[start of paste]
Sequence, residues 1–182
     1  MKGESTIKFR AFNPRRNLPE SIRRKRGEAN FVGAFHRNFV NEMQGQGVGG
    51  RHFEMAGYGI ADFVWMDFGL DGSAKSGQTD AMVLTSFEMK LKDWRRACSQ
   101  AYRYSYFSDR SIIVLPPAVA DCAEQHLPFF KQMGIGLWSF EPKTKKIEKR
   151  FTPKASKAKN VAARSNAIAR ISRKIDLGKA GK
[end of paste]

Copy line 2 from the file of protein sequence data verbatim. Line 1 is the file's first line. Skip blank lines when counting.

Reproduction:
     1  MKGESTIKFR AFNPRRNLPE SIRRKRGEAN FVGAFHRNFV NEMQGQGVGG